“Accept life as it is.” I read the words and do a quick exhale, a bark of a laugh that puffs out my cheeks. Some other words, like “easier said than done,” come to mind. Because life caught up with me again recently. It was a sucking mess.

But before that, I spent 2016 feeling strangely, amazingly happy, unstressed, after 50 years of worklife striving/failing/succeeding. After almost 40 years of raising kids and juggling and commuting and paying bills. Then selling the house and, together with my husband, doing a 14-month sabbatical exploring the country in a tin can. Returning to Seattle, we settled into a little townhouse near the beach, and I found time to breathe and make art, read and write. 

And wondering what crap sandwich life had in store as payback for feeling so calm and light.

I’ve always dealt with stress or loss by focusing on what comes out at the other end—not ignoring the hurt but staying open to the flip side too. In the sickness or loss of a friend, finding gratitude for the ways she taught me kindness. In the midst of a big, pivotal project or an absurd deadline, focusing on the accomplishment you can feel from having done your very best, win or lose. The light at the end of the tunnel. I know this is a cerebral way to talk about it; it’s of course not easy to do with heavy emotions.

But when your marriage is troubled and you find you don’t recognize this person you’ve been connected to for going on 40 years—now what? It’s living with the uncertainty that makes it hard to find the upside of pain.

When I shared this with my wise younger sister she said, “get your girls around you.” Until then I wasn’t talking with anyone, it was too painful and embarrassing. Our friends thought we had a successful marriage—they saw the affection and shared adventurous spirit. But the view from the outside is shiny, as we all know; for my purposes that view was meaningless. So I began confiding in a few close girlfriends, and of course their support helped me start to breathe. Just as important, I asked them for therapist recommendations, and found someone that we both felt was smart and intuitive.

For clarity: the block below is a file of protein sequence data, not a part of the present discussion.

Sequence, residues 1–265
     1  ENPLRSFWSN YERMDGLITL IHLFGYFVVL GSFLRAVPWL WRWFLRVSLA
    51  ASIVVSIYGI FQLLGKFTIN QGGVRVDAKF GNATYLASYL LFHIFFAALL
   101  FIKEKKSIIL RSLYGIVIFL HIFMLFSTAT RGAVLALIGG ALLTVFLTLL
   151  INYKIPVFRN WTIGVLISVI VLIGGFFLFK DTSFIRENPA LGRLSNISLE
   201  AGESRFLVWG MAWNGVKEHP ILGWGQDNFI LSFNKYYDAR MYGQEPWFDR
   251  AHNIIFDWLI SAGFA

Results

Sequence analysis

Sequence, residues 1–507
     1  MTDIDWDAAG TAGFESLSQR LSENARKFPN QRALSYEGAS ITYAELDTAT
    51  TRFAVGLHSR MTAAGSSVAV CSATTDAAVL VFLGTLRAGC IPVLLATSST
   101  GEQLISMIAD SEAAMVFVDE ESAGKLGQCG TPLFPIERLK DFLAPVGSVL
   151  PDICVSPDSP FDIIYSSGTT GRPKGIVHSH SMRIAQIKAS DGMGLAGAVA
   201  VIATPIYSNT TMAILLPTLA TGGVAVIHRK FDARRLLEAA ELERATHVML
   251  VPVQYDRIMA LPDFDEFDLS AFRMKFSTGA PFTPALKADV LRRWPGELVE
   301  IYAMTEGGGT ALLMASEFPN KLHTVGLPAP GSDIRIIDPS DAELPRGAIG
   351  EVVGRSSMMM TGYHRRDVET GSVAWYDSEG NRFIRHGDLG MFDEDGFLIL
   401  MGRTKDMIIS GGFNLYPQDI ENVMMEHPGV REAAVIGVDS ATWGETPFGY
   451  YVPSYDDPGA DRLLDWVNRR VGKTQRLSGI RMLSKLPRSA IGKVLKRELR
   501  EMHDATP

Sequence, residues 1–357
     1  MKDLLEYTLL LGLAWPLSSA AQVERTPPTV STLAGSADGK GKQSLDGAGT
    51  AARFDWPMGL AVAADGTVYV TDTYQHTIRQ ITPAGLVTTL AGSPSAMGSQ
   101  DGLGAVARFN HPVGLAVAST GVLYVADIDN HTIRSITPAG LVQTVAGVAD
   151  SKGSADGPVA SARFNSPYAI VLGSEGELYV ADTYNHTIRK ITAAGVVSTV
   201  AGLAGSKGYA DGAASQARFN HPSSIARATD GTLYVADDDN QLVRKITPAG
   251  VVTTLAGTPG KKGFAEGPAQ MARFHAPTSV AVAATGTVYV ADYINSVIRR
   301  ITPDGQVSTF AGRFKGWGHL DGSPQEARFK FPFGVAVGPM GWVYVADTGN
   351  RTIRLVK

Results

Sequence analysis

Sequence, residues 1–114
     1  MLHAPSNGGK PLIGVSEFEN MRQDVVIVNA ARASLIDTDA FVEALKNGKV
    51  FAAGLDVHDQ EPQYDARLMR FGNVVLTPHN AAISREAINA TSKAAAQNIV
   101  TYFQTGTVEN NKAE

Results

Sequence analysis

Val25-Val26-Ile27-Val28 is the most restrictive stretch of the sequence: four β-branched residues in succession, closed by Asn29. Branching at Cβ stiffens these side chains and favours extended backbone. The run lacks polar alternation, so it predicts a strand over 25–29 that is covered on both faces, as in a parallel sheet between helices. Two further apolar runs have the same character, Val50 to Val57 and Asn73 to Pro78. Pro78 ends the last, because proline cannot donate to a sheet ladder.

Two years in, we credit our wonderful counselor with paving the way to get where we are, which is healthier than we’ve been in years. Her guidance, along with our leap-of-faith belief that we don’t give up on each other, hard as it was not to for a while. But that’s another story. This story is about the ask for help.

I’m no expert in how to do this, but my experience has opened my eyes in a couple of ways. My shame at having marriage trouble held me back for a while. I always thought I was so self-sufficient, so good at my relationships. Thank goodness that didn’t hold me back for too long

Thank goodness I learned that a real friend wants to help, and can bring valuable perspective to a confused mind. It’s amazing, people really do want to help you—but you have to ask. Just as important, I needed to actually want the help. And I needed to know what I wanted help with. At times it was just a shoulder to cry on, a warm hug, the knowledge that I even had a friend, someone who could just listen. And sometimes, it was such unexpected territory, I wanted direction from friends who had been there. 

One of my fallback strategies for dealing with pain and confusion has always been research and books on the subject. I‘ve read a dozen or more in the past two years on relationships, dealing with depression, dealing with trauma. Whether you’re struggling in relationships or just wondering, “What the heck is he thinking?” here’s one I recommend wholeheartedly: Wired for Love by Stan Tatkin. It’s a real eye-opener on how our brains work, and understanding that can help keep relationships on a trusting and rewarding path. I also found Pema Chodron’s book Comfortable with Uncertainty a calming and bolstering resource, sort of a daily reminder on living with compassion and awareness, with a Buddhist flavor. 

Ultimately, finding a counselor that was right for us was a godsend. This can be so hard to do, even with friends’ recommendations. I would just say: talk to a lot of candidates before you choose, even though it takes time and effort, even though you’re anxious to get started. Make damned sure the therapist you choose is not only qualified but a good chemistry fit for you. There’s a lot riding on it. Of course, once you’ve found someone the hard work is really up to the two of you. 

So that’s my free advice, for all it’s worth. None of it is earth-shaking or surprising. But there must be a reason you’ve read this far, so I hope my experience has been helpful for you. If so, I’m glad to put some hard knocks to use.

Image credit: Edvard Munch, The Scream. © 2019 Susan Cummings. All rights reserved

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